The Journey of Tea

Is Organic Tea Really Better?

Is Organic Tea Really Better?
Hello everyone, I'm Andy, a tea enthusiast. We often hear that "organic tea" is better, but what exactly makes it better? Today, I'd like to talk about "organic tea" and explore its benefits.

When it comes to organic tea, we need to start by understanding the definition of "Organic Agriculture Promotion Act":

1. To preserve water and soil resources, ecological environment, biodiversity, animal welfare, and consumer rights, and to promote environmentally friendly agriculture and sustainable resource utilization, this law is enacted.
2. Organic Agriculture refers to agriculture involving the production of crops, forests, aquatic products, livestock, etc., based on the principles of ecological balance and nutrient recycling, without the use of chemical fertilizers, pesticides, genetically modified organisms, and their products.
3. Organic Agricultural Products refer to agricultural products produced, processed, packaged, and distributed in compliance with verification criteria set by the central competent authority, and have been verified as qualified according to this law.

From the above information, we can summarize that "organic agricultural products" include keywords such as environmentally friendly agriculture, sustainable resource utilization, no use of chemical fertilizers or pesticides, and no use of genetically modified organisms.

- What is organic tea?
Organic tea refers to tea leaves grown without the use of chemical fertilizers, genetically modified fertilizers, or pesticides. The air, water, and soil are free from pollution, and it must be verified to be labeled as organic tea.

- What are the key points in cultivating organic tea?
Taking Taiwanese tea as an example, apart from discussing the tea plantation environment, the selection of tea tree varieties is one of the main keys in cultivating organic tea. Choosing tea trees with good disease and pest resistance is crucial, such as Jin Xuan tea. If the tea variety used is Qing Xin Oolong, it could be quite challenging as Qing Xin Oolong itself has poor disease and pest resistance. After planting the tea trees, it's important not to rush the harvest. Wait until the tea trees are in a healthy state before picking the leaves. Healthy tea trees can naturally resist pests and diseases.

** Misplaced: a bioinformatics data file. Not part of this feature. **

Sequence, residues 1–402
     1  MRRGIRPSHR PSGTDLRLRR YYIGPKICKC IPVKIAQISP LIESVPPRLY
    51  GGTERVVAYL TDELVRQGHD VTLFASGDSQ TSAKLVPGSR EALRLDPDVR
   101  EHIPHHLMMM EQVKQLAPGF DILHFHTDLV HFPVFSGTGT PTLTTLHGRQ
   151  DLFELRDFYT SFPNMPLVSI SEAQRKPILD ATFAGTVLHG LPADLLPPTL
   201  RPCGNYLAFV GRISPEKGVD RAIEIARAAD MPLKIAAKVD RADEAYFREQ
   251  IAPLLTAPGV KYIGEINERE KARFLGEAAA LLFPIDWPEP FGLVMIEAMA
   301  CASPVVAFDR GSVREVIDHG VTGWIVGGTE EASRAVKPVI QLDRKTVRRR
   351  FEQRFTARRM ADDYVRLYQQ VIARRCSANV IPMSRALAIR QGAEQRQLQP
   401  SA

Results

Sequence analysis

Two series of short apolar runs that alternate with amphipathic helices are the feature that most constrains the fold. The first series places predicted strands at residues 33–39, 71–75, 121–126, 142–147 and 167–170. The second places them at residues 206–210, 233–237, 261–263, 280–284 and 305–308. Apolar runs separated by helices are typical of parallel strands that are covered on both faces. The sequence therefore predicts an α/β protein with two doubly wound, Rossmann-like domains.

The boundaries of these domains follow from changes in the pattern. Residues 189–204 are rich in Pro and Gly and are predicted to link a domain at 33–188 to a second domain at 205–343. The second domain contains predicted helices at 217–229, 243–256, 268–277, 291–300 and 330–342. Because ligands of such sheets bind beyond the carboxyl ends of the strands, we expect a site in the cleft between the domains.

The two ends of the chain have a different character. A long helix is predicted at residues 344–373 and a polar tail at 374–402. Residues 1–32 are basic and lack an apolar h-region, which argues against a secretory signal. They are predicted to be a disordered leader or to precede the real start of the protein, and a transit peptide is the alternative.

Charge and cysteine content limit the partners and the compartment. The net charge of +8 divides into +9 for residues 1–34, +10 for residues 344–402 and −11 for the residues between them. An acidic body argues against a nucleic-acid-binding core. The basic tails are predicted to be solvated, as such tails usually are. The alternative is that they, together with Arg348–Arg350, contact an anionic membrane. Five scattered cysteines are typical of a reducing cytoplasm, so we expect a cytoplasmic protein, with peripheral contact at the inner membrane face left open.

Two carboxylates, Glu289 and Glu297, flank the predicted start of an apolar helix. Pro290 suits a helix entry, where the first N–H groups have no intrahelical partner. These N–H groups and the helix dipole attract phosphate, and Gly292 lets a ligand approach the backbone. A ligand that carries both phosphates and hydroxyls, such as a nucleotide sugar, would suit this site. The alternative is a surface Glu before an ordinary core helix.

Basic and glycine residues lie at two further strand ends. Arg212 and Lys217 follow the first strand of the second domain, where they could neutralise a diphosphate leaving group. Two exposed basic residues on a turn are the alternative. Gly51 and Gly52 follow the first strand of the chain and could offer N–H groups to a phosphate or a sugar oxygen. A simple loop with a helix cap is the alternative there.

- What else should we pay attention to regarding organic tea?
1. Fertilizers: Fertilizers must be verified as organic, for instance, using genetically modified soybean meal is not allowed.
2. Pollution from neighboring fields: If non-organic farming is conducted in fields adjacent to the organic tea plantation, pesticide spraying can lead to contamination of the organic tea plantation.
3. Indirect factors: Consider whether emissions from transportation and tea plantation equipment could affect the tea plantation.
4. Packaging materials: Even if the tea leaves comply with organic standards, inadequate safety of packaging materials can affect the effectiveness of "organic," such as unsafe aluminum foil bags that release toxic substances upon contact with the tea leaves.

- Is organic tea really better?
For consumers, the "good" qualities of tea fall into two categories: food safety and flavor. Flavor preferences vary from person to person, but ensuring food safety is what organic tea aims to promote. Besides being pesticide-free, tea leaves must also be traceable to be truly "organic." "Traceability" means that in case of a food safety issue, the source of the problem can be traced back from cultivation, production, and distribution, and the product can be recalled.

- Why is it challenging to promote organic tea?
1. Complexity: Keeping records for everything, careful selection of agricultural materials, and organic processing verification for tea factories are required.
2. Pollution from neighboring fields: Taiwan has closely spaced agricultural fields, so contamination from neighboring fields through air dispersion is a common issue for organic tea. Pesticide residue test values are often very low, below 0.05 ppm, making it hard to detect.
3. Flavor adjustment: Not all lands are suitable for tea growth, and not all soils can produce the desired tea flavor. When practicing organic cultivation, non-organic verified fertilizers can't be used for flavor adjustment. In simple terms, organic fertilizers cannot be used to alter tea flavor, just like a person practicing fitness can only eat organically certified boiled chicken breast and not protein powder or other concentrated supplements.
4. High production cost: Organic tea plantation management and material costs are high, requiring more labor.
5. High verification cost: Organic certification is expensive, and verification requirements can vary between countries.

In conclusion, regardless of whether tea is "organic," the best tea is one that meets food safety standards, has a flavor you enjoy, is affordable, and has a story that you like to hear.

That's all for today's sharing.

See you next time.

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